Kazuhiro Ikebe, president of Kyushu Electric Power Co., is seen in Chuo Ward, Fukuoka, on Dec. 22, 2020. (Mainichi/Tomohisa Yazu)

    In short, the first "barrier" to the utilization of renewable energy was nuclear power plants. Kazuhiro Ikebe, president of Kyushu Electric Power Co., said, "If we can increase the operating rate of existing nuclear power plants, the cost of reducing CO2 emissions will be lower."

    If output control continues, the government's goal of making renewable energy the main source of power will be far from being realized. As for offshore wind power generation, which is expected to be a pillar of renewable energy in Japan along with solar power, the Goto Islands in Nagasaki Prefecture in Kyushu are considered the second-best location in the country after Hokkaido, but if the current output control continues, there is a risk that this opportunity will be removed.

    Output control is also expected to occur in Hokkaido and the Shikoku region, where the introduction of renewable energy is progressing, as early as in fiscal 2021, so it is no longer just a problem for Kyushu.

    Another "barrier" to preventing the waste of renewable energy is the lack of interconnection lines to transmit electricity to other regions when there is a surplus. If there is sufficient capacity in the interconnection lines, even if there is a surplus in Kyushu, it can be transmitted to Japan's main island of Honshu, where the demand for electricity is high, thereby reducing waste.

    For this reason, the national government has also begun to increase the number of interconnection lines. According to a proposal compiled at the end of April by the Organization for Cross-regional Coordination of Transmission Operators, Japan -- a government-backed corporation -- the state plans to double the transmission capacity of the Kanmon interconnection line connecting Honshu and Kyushu, and to build a new interconnection line between Kyushu and Shikoku. This will as much as triple the transmission capacity between Kyushu and other regions. It also plans to lay additional interconnection lines between Shikoku and Kansai, and Hokkaido and Tokyo.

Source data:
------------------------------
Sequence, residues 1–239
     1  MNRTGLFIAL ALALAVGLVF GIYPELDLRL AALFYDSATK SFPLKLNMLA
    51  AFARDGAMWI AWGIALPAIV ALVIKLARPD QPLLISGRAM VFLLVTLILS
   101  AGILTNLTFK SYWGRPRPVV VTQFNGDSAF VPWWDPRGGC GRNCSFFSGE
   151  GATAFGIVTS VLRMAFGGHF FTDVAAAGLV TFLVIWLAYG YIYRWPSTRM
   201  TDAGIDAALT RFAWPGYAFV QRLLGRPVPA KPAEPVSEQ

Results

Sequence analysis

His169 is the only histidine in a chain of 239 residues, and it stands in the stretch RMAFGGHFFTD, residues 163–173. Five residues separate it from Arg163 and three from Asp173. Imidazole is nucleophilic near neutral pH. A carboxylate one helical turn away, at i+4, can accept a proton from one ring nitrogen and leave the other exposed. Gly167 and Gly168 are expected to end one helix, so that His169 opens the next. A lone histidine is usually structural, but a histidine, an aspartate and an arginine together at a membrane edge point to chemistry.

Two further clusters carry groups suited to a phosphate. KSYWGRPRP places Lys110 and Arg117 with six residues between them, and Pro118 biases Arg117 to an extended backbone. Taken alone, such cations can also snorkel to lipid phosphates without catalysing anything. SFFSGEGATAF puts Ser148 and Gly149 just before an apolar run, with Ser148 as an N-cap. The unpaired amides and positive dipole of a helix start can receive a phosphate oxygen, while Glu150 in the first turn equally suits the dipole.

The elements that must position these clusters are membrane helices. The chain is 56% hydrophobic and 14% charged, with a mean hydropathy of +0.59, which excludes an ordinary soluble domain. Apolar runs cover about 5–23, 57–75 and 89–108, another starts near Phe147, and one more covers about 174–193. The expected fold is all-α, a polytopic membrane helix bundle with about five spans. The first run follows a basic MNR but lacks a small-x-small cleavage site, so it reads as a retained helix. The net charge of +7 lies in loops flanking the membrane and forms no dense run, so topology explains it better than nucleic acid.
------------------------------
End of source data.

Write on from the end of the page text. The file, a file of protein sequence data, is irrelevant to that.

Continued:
Renewable energy generated in areas blessed with sunlight, wind power and large fields will be transported to urban areas where demand for electricity is high. Reinforcing the interconnection lines is an essential task for making renewable energy a main power source, but the Ministry of Economy, Trade and Industry doesn't expect to start operations until the "second half of the 2030s," according to ministry officials.

    In addition, the principle of sharing the cost of construction, which will be up to 1 trillion yen (about $9.13 billion) for Kyushu alone, "in proportion to the benefit each power company receives" has been decided, but the details have not yet been finalized. It will be a long time yet before renewable energy is not being wasted.

    Yukari Takamura, a professor at the University of Tokyo's Institute for Future Initiatives and an expert on renewable energy, said, "Now that the entire country is moving toward 'decarbonization,' it is unreasonable to waste large amounts of renewable energy through output control."

    In particular, Takamura said, Kyushu "clearly needs to start construction (of interconnection lines) as soon as possible, taking into account the increase in solar power and the addition of more offshore wind power in the future."

    (Japanese original by Yoshihiro Takahashi, Fukuoka Business News Department)